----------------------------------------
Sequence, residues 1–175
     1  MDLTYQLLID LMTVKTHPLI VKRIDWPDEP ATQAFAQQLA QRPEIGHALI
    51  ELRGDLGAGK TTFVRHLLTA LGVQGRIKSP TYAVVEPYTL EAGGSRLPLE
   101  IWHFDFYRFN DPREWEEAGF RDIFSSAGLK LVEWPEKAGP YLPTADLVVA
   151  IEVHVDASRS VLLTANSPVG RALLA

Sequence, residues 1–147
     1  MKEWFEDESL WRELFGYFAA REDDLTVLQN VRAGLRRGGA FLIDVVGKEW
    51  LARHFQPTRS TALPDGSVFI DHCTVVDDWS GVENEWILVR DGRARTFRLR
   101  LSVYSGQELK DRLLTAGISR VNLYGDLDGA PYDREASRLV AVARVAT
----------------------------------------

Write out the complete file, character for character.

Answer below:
Sequence, residues 1–175
     1  MDLTYQLLID LMTVKTHPLI VKRIDWPDEP ATQAFAQQLA QRPEIGHALI
    51  ELRGDLGAGK TTFVRHLLTA LGVQGRIKSP TYAVVEPYTL EAGGSRLPLE
   101  IWHFDFYRFN DPREWEEAGF RDIFSSAGLK LVEWPEKAGP YLPTADLVVA
   151  IEVHVDASRS VLLTANSPVG RALLA

Sequence, residues 1–147
     1  MKEWFEDESL WRELFGYFAA REDDLTVLQN VRAGLRRGGA FLIDVVGKEW
    51  LARHFQPTRS TALPDGSVFI DHCTVVDDWS GVENEWILVR DGRARTFRLR
   101  LSVYSGQELK DRLLTAGISR VNLYGDLDGA PYDREASRLV AVARVAT